I think there is a flavor difference with BIAB as well. I'm not sure it is from proteins, as OP has inquired about, as much as it is all that starch and husk material getting into the boil. To that end, this other matter may have an effect on OP's beer.

Beer Recipes / Re: Rauchbier Ale recipe
« on: May 04, 2015, 11:27:45 AM »
It's pretty standard for a smoked beer. Not sure you need the carafoam or that you necessarily want the bohemian pils over a regular pils.

Whatever you decide, try to get the freshest rauchmalz you can. The smoke character fades in rauchmalz and 40% of older grain could be significantly less smoky than 40% fresh rauchmalz.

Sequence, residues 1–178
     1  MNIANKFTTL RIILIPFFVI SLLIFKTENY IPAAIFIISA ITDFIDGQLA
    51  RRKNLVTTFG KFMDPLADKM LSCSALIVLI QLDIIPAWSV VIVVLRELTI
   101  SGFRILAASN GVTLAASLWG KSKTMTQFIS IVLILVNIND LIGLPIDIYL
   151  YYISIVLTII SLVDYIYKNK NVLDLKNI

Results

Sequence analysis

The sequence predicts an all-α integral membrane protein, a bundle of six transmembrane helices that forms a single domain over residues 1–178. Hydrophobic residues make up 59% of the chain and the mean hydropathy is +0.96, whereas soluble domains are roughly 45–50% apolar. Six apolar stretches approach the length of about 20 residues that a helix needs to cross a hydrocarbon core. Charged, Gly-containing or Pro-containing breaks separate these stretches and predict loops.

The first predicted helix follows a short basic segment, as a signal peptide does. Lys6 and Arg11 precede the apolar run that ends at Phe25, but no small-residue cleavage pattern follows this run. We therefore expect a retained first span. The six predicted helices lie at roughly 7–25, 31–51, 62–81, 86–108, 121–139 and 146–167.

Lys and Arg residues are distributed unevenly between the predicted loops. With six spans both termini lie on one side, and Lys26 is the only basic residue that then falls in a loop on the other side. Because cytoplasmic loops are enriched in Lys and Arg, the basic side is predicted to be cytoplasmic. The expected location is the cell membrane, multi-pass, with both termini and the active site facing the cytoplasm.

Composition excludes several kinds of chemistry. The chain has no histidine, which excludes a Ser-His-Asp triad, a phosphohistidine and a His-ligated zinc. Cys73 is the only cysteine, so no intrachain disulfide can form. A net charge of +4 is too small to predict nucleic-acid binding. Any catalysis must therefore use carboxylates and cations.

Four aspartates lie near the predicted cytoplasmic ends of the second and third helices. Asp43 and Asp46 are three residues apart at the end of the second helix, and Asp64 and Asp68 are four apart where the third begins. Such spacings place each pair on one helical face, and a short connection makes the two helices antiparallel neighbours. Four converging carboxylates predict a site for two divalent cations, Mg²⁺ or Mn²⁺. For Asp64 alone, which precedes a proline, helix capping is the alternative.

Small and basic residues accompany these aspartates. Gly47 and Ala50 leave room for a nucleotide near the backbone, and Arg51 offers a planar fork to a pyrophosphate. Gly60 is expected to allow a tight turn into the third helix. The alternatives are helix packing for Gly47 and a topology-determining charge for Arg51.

Beer Recipes / Re: Souring Advice on Fruit Saison
« on: May 04, 2015, 11:24:38 AM »
Brett by itself won't make that beer sour, just dry and funky. You might get to a happy level of sourness by letting the beer dry out from the saison yeast with the addition of the sugar from the fruit.

I would not expect to see any problems from protein making its way into the fermentor. Most will settle out and you can fine and/or cold crash to get rid of the rest.

I've never read anything that asserted protein affects fermentation or that it has a significant affect on flavor at the levels typical to beer.

The Pub / Re: Deschutes Asheville?
« on: May 03, 2015, 09:54:48 AM »
They've been looking to expand on the east coast for a while.

Beer Recipes / Re: German themed IPA
« on: May 01, 2015, 06:56:54 AM »
I think you need some addition at the start of the boil to get some of that more aggressive bitterness that is typical of IPA. While I enjoy the power of FWH and it will add some bitterness I find it is too smooth on its own for some styles where the bitterness is noticeable part of the beer's profile.